Spanish Sojourns: Robert Henri and the Spirit of Spain

This October, the Telfair will be presenting a major exhibition over five years in the making: Spanish Sojourns. This ground breaking show will be the first museum exhibition dedicated to the Spanish paintings of Robert Henri (1865-1929), one of the most influential American artists of the early 20th century. Henri traveled to Spain seven times between 1900 and 1926, more than any other foreign destination, and produced a substantial body of work inspired by these trips. However, until now his Spanish paintings have never received the scholarly attention they deserve.

Spanish Sojourns was inspired by one of the most beloved paintings in the Telfair’s collection, La Madrileñita (1910), originally purchased directly from the artist by Gari Melchers in 1919. The exhibition consists of over 40 major paintings borrowed from important museum and private collections around the country. Many of Henri’s Spanish works were acquired by museums during his lifetime, including the Metropolitan Museum of Art’s Spanish Gypsy (1912), the first painting by an Ashcan School artist to join the collection of that venerable institution. The paintings in the show, nearly all portraits, present a dazzling cross-section of Spanish society as experienced by Henri: famous dancers and dashing bullfighters intermingled with spirited gypsies, blind street singers, and weathered peasant men. Gathered together for the first time, these paintings reveal Henri’s ongoing commitment to capturing the essence of Spanish tradition and culture through insightful portrayals of unique individuals.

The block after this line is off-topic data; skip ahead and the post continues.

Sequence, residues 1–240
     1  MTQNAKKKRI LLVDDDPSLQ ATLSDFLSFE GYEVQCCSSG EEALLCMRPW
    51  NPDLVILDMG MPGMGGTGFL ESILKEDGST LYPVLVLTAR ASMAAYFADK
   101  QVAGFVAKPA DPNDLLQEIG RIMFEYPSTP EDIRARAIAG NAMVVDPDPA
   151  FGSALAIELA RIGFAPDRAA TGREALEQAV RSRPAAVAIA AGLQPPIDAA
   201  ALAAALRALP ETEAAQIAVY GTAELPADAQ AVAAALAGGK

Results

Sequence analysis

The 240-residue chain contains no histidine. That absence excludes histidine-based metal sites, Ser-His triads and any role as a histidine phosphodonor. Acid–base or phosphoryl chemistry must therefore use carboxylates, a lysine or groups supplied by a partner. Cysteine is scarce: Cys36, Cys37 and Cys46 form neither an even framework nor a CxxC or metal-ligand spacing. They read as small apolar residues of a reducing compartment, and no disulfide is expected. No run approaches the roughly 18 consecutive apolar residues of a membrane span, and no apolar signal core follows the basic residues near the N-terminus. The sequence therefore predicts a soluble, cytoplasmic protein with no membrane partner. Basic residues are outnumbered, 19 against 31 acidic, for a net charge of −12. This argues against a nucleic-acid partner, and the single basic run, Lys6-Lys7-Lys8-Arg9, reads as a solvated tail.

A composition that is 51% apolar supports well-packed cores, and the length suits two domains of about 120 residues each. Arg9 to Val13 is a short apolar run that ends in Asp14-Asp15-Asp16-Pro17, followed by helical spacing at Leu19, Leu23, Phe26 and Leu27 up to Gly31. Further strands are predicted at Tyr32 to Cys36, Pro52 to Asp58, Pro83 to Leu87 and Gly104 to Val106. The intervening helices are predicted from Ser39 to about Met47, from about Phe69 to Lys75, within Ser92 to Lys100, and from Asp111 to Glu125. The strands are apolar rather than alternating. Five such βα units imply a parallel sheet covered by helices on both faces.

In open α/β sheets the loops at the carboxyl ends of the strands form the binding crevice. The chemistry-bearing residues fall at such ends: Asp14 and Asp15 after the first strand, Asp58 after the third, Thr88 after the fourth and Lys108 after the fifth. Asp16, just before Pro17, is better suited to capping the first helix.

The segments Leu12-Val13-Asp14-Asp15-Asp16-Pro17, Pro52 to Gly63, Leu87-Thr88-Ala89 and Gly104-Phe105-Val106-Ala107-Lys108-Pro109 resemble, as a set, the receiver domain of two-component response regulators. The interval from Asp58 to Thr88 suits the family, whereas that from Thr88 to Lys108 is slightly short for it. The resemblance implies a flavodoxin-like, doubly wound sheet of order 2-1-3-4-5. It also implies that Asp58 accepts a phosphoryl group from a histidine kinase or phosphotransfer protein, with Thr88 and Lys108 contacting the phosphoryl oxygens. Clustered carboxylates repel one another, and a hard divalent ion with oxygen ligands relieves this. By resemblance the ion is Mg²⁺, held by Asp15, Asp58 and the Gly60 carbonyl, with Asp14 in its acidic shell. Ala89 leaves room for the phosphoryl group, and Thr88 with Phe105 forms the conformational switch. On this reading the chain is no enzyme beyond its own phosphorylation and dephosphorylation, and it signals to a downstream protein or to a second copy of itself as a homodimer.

This nationally-touring exhibition will travel to the San Diego Museum of Art and the Mississippi Museum of Art after its time at the Telfair, and has been awarded major grants from the Terra Foundation for American Art, the Horowitz Foundation, and the National Endowment for the Arts. Spanish Sojourns will be accompanied by a fully illustrated hardcover catalogue, funded in part by the Telfair Academy Guild, which presents new scholarship on Henri and places his work in the context of the other American artists, architects, and writers who were inspired by Spain in the late nineteenth and early twentieth centuries. The exhibition will also be accompanied by a wide variety of engaging programming, from scholarly lectures and docent-led tours to a family day and flamenco workshops.

Spanish Sojourns is organized by Telfair Museums.

Sponsored by the Terra Foundation for American Art, the Mr. and Mrs. Raymond J. Horowitz Foun- dation for the Arts, and the National Endowment for the Arts.